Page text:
Was yesterday one of those days when you felt a disturbance in the Force, as if millions of voices cried out in terror and were suddenly silenced? Well it wasn’t just a feeling. As it turns out, a super nova was detected in the Cigar Galaxy yesterday. Super Novas are the largest explosions in the Universe and this one could be seen from over 11.5 million light years away! Don’t worry about all those souls that were vaporized in this cosmic eruption. It happened a long time ago in a galaxy far far away.
You can see the super nova in this image from this morning. Its the bright star near the bottom center of the galaxy just below the red gas outbursts.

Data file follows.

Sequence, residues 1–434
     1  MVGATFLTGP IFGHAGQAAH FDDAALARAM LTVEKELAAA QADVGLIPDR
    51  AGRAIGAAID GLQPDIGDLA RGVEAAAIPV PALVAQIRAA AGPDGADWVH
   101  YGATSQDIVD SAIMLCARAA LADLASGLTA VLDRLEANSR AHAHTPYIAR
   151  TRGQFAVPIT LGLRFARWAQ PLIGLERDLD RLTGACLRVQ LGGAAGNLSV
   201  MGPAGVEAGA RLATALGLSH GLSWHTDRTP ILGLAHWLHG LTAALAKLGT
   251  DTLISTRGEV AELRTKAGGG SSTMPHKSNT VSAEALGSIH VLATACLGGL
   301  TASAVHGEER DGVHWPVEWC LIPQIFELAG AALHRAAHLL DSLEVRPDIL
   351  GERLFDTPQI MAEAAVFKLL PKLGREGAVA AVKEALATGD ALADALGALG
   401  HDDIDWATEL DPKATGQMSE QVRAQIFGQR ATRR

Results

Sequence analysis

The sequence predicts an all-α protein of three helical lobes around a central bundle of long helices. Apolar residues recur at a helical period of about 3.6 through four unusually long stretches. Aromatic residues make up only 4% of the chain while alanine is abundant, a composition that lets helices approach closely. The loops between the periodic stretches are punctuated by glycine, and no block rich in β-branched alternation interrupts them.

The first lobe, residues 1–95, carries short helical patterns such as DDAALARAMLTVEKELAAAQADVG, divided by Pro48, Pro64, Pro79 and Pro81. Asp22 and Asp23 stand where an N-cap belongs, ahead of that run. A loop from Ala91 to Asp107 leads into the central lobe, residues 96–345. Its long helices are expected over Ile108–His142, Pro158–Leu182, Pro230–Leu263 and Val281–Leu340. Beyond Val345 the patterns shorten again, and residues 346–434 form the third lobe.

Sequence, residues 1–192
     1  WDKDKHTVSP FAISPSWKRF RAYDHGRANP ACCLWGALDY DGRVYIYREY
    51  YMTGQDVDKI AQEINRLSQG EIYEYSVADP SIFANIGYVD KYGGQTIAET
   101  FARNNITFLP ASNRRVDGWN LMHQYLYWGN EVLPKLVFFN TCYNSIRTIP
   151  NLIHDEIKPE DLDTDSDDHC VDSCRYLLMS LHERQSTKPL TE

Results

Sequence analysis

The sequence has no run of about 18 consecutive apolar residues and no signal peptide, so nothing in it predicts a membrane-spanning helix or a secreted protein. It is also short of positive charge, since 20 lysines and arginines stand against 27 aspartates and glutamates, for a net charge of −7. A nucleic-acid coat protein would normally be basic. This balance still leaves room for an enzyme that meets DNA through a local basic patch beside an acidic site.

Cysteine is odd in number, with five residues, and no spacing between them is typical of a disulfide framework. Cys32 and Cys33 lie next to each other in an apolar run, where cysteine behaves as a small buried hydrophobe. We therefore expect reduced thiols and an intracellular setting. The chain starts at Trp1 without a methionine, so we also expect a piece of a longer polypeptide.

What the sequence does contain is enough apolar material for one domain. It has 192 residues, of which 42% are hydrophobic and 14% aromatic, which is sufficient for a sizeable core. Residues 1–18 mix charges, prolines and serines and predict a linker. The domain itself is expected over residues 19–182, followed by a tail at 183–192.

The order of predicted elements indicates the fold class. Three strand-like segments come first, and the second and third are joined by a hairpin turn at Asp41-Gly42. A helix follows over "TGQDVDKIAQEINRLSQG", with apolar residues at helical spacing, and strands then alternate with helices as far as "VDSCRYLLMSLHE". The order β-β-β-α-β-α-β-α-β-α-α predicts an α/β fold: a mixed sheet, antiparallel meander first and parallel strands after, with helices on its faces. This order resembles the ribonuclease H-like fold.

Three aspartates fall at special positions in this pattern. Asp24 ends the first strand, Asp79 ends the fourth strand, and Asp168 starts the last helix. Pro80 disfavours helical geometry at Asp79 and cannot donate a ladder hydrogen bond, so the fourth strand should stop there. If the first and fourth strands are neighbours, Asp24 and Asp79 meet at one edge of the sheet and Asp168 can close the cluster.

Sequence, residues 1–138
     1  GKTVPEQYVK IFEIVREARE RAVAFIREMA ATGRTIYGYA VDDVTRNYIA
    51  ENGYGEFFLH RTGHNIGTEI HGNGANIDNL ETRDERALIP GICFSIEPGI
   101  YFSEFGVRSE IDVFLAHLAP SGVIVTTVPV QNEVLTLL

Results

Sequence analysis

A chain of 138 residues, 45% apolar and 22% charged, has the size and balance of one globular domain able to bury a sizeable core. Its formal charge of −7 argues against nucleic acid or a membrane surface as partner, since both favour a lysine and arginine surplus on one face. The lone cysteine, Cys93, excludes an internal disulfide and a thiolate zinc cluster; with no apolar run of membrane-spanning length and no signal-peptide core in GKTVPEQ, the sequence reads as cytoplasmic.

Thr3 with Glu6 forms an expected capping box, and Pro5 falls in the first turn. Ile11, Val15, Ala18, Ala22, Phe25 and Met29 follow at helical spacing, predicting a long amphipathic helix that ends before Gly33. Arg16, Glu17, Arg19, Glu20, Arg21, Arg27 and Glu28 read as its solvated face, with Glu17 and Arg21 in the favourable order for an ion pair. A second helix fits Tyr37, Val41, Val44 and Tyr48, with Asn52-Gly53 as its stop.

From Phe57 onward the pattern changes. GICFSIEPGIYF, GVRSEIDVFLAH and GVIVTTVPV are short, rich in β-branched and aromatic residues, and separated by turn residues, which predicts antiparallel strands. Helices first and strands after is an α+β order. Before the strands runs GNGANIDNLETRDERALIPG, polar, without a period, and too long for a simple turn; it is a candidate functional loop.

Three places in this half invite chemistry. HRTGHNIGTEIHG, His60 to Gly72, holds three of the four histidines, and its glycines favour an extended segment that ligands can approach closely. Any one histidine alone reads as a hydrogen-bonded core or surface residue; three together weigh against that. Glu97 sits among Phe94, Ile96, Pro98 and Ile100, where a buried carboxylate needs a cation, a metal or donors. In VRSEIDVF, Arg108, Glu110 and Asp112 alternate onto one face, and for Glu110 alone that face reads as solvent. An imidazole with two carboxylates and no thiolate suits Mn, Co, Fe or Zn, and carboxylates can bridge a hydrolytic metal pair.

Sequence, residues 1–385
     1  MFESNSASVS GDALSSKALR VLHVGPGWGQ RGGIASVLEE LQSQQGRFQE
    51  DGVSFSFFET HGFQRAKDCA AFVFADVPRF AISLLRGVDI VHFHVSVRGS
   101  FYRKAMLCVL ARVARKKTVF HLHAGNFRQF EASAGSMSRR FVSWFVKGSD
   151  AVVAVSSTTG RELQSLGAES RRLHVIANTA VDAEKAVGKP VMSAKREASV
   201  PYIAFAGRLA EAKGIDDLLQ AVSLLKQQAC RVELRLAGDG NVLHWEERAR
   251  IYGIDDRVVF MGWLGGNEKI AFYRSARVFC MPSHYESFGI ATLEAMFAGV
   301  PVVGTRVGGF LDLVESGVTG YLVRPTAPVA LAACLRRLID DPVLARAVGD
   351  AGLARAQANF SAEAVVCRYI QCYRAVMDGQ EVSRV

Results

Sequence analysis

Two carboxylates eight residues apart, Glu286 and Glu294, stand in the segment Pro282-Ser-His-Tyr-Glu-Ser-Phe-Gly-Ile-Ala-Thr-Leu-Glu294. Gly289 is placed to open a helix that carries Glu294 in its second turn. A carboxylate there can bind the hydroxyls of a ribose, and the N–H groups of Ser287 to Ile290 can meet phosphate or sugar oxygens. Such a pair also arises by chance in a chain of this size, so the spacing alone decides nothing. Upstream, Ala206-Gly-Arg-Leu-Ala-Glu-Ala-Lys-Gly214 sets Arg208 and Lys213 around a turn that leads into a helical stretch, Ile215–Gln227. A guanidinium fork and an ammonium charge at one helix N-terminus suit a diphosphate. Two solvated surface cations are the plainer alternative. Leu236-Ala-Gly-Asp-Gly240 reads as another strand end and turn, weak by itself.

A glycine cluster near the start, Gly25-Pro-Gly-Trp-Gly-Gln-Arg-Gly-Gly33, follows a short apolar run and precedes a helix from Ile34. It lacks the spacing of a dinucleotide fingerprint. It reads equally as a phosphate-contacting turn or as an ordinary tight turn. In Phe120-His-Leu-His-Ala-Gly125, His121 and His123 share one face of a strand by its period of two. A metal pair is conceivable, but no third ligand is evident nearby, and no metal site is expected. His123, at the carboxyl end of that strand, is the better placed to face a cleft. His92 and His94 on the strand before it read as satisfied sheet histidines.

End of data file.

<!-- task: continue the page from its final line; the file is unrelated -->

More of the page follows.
For reference, check out this image of M82 I took last spring. Clearly, that star was not there then. From what I have read, the Nova is expected to brighten over the next two weeks.
Here’s a single frame of the galaxy taken through a clear filter for future reference.
This was a relatively quick exposure of just 40 minutes X red, green and blue and 60 minutes of Luminance. I blended in a few hours of luminance data from last year to help sharpen the details in the galaxy.
Image Details for Super Nova in Cigar Galaxy
RGB: 40 minutes each
Luminance: 1 hour + 4 hours of old data
Total exposure: 3.5 hours
Camera: Apogee U16M
Guider: SBIG 402 with MMOAG Off Axis Guider
Telescope: RCOS 14.5
Mount: Paramount ME
Location: Auberry, CA
Date: January 23rd, 2014
Software: The SkyX, MaximDL, FocusMax, CCDAutoPilot, CCDStack, Photoshop